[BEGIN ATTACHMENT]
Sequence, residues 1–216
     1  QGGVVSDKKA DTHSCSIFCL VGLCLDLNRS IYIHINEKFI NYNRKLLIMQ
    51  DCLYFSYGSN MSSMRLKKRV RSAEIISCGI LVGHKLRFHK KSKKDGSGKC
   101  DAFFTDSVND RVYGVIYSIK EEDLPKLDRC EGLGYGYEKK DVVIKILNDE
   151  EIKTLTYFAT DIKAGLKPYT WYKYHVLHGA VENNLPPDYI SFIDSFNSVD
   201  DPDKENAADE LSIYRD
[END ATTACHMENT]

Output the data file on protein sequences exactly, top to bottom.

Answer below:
Sequence, residues 1–216
     1  QGGVVSDKKA DTHSCSIFCL VGLCLDLNRS IYIHINEKFI NYNRKLLIMQ
    51  DCLYFSYGSN MSSMRLKKRV RSAEIISCGI LVGHKLRFHK KSKKDGSGKC
   101  DAFFTDSVND RVYGVIYSIK EEDLPKLDRC EGLGYGYEKK DVVIKILNDE
   151  EIKTLTYFAT DIKAGLKPYT WYKYHVLHGA VENNLPPDYI SFIDSFNSVD
   201  DPDKENAADE LSIYRD